During the two months of my visit, I participated in three impressive academic activities. The three activities were the "Northern Cities' Support for Mining Activities and Their Causes" Seminar and the "Arctic Regional Comprehensive Research" Seminar. And a PhD pre-answer meeting on “Climate change for dengue fever and subsequent impact”. Interestingly, these three events were initiated by the Arctic Research Center that I visited and were presented and delivered by experts and scholars from different research fields, different disciplines, different universities and different regions. The content was rich, and the discussion was fierce.
The academic conference “The Support for Mining Activities in Northern Cities and Its Causes” mainly shows the recent academic achievements of scholars at Umeå University, and its research project is based on the sustainable development of the mining industry in northern Sweden. First, the experts combed and introduced the current political/sociological research literature on mining issues. Although the academic community conducted basic research on the relationship between mining and ecological development, the overall number of studies was small, and it was related to the discussion of the state. The impact of policies on mining is almost a blank.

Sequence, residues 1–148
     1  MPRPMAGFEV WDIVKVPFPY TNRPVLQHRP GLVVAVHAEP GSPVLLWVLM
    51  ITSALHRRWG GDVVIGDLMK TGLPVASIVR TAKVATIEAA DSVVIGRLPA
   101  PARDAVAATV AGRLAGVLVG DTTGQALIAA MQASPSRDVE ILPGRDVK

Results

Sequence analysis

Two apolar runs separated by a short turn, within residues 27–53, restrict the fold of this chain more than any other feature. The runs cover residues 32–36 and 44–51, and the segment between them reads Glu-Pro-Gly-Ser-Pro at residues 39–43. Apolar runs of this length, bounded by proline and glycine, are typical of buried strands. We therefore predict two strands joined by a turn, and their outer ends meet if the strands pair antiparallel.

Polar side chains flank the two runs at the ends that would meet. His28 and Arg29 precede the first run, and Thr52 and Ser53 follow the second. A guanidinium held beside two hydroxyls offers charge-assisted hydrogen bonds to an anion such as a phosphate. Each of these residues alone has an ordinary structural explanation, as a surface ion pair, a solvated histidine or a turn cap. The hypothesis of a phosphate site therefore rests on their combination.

The study was targeted at cities with mining operations in northern Scandinavia, using comparative case studies to compare the degree of support/conflict of mining operations in these cities, and the mining industry’s economic contribution, then analyzed the differences in support from the perspective of the nature of mining actors, the economic contribution of mining operations to cities, and the communication channels between mining companies and local residents, and explored how to develop mining in the future.